A new book chronicles the adventures of Shaq, Kobe, and the Lakers’ three-peat
It’s hard to believe that we no longer have Kobe Bryant around anymore; following his untimely death in a helicopter crash earlier this year, the eulogies rightly cited his turn away from being “Black Mamba” to being a “girl dad” who coached his daughter Gig (also lost in the crash) and her basketball team. But in the early 2000’s, Bryant was a stone-cold killer on the court and an absolutely terrible teammate, selfish and immature. He also was a three-time, three-times-in-a-row NBA champion. The contradictions in this lie at the core of Jeff Pearlman’s brilliant new chronicle of those heady, unpredictable years.
In Three-Ring Circus: Kobe, Shaq, Phil, and the Crazy Years of the Lakers Dynasty, Pearlman makes the case that the latest Lakers dynasty (after the “Showtime era” of the Eighties) was about as dysfunctional a family as any, with warring sides chaired by Bryant and his rival Shaquille O’Neal, with others caught in the middle. The creative tension that produced three straight NBA championship trophies also kept the two marquee players of their era from ever really learning to trust one another or even feign teamwork on the court, much less off it.
O’Neal, gregarious and generous, was the polar opposite of Bryant a glory hound who put himself first at the expense of his team, including longtime NBA veterans who tried to mentor the high-school phenom when he skipped college and jumped to the pros at 17. It’s hard not to think of the Kobe-Shaq dynamic as a little like the Beatles’ main songwriting team: O’Neal was beloved Paul, always the darling of his teammates and the media as well as fans, while Bryant was acerbic John, pushed to greatness by an overweening desire to be the absolute best basketball player ever (that he came awfully close to earning that title doesn’t excuse much of his more boorish behavior, in the eyes of many).
But the Kobe-Shaq relationship wouldn’t have been as productive if not for other factors like head coach Phil Jackson, who came to the Lakers straight from winning six titles with the Chicago Bulls. His diplomacy worked for a while, but eventually he lost the team as the 2004 season ended in defeat. Role players like Derek Fisher, Rick Fox, and J.R. Rider were just as important to the Lakers’ legacy of winning in those years as Bryant and O’Neal, and they get a fair amount of speaking time in Pearlman’s book. The hectic nature of winning in the entertainment capital of the world was not always conducive to good vibes among players, and some didn’t adjust so well to being kings of the NBA (Shaq and Kobe included). But for the eight years that Bryant and O’Neal were teammates, the Lakers were always a show worth watching.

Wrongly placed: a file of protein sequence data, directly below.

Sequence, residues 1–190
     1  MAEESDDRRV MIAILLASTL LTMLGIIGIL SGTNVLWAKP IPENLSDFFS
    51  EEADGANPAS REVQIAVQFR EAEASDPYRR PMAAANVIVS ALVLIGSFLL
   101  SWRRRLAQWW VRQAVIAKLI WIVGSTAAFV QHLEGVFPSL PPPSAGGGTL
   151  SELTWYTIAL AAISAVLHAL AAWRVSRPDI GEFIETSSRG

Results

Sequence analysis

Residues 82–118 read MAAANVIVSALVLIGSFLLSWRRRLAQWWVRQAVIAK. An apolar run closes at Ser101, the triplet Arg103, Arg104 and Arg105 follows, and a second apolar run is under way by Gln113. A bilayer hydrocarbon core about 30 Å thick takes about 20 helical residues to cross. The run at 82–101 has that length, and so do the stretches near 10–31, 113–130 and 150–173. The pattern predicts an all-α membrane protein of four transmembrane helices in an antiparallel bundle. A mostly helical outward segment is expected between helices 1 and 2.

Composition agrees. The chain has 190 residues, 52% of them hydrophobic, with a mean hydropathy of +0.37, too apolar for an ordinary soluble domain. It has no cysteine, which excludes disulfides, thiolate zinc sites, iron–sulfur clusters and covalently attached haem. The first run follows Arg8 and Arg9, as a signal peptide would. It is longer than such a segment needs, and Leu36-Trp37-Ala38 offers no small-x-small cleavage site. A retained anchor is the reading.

Pearlman, a veteran sports reporter and biographer, weaves his story together with a mix of deep seriousness about the desire to field a winning basketball team and a witty irreverence for the entire madcap nature of the Early Aughts Lakers, a team so good that they couldn’t lose any of those three championships even if they tried. Kobe Bryant’s 2003 sexual assault case, understandably not commented on much after his passing, also gets substantial coverage. Here Pearlman is at his best, documenting how investigators in the case feel to this day that they had a guilty man in Bryant, if the trial had simply proceeded as normal.
But the media circus that followed even a Laker-on-trial case proved too much, and the allegations tarnish Bryant’s legacy, no matter the veracity of the claims against him. Meanwhile, O’Neal, once a dedicated pursuer of championships on moribund teams like Orlando, became lazy in his post-MVP-trophy campaigns, his health issues more from a lack of effort than physical disabilities. And alpha-manager Jackson, long reputed to be the best coach in the NBA, burned bridges (among them, with longtime Lakers GM and NBA logo Jerry West) that left him friendless in just a few years on the job.
In the end, the Lakers’ three-peat was just that, over before you could blink from all the glitter that was sitting courtside. Shaq and Kobe eventually won without each other (O’Neal in Miami with Dwyane Wade, in 2006, and Bryant solo in 2009 and 2010), but like John and Paul, they were never the same apart that they were together. And Bryant’s death in a helicopter crash made his younger self, with all the unpleasant selfishness and desire to be the best, perhaps not as loathsome considering where he was as a man and as a father when he perished alongside his daughter.
But in telling the whole story of those turn-of-the-century champions, Jeff Pearlman has painted a cautionary tale of how the pursuit of excellence can turn even one of the best players of all time into an All-Star monster of a teammate. It’s an ugly portrait, and Bryant isn’t the only one who emerges with some baggage from the championship run. But for the brief moment that all three uncomfortably shared (and battled for) the spotlight in Los Angeles, theirs was a dynasty that will be hard to top.
(Houghton Mifflin Harcourt, September 22, 2020)